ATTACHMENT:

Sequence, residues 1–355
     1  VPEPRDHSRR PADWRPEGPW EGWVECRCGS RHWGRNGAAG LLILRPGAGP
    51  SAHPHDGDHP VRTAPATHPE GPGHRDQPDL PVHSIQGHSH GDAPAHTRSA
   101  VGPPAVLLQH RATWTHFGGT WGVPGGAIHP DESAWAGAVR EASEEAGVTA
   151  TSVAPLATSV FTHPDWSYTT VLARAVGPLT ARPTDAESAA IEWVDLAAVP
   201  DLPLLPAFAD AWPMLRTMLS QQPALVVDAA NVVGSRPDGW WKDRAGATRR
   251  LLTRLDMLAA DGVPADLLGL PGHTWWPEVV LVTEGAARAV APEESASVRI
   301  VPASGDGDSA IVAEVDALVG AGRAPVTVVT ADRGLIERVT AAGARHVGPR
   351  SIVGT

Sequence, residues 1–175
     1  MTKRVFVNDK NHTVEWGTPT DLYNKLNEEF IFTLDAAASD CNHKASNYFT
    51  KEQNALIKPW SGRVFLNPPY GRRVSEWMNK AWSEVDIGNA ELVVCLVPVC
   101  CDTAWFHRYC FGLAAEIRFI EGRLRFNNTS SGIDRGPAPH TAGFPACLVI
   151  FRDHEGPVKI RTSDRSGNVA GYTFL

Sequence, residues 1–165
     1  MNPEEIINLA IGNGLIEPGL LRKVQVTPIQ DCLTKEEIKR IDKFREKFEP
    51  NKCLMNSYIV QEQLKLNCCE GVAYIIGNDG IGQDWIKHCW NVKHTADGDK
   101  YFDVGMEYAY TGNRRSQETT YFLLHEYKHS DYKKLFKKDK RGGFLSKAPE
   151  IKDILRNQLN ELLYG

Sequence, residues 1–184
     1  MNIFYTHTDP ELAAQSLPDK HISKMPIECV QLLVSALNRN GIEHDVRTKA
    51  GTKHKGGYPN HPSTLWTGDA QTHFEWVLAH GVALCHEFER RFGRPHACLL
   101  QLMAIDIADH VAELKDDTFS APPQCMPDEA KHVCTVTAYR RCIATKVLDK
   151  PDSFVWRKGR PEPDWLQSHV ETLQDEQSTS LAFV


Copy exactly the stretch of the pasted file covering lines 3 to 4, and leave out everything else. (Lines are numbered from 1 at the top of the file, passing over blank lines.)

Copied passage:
    51  SAHPHDGDHP VRTAPATHPE GPGHRDQPDL PVHSIQGHSH GDAPAHTRSA
   101  VGPPAVLLQH RATWTHFGGT WGVPGGAIHP DESAWAGAVR EASEEAGVTA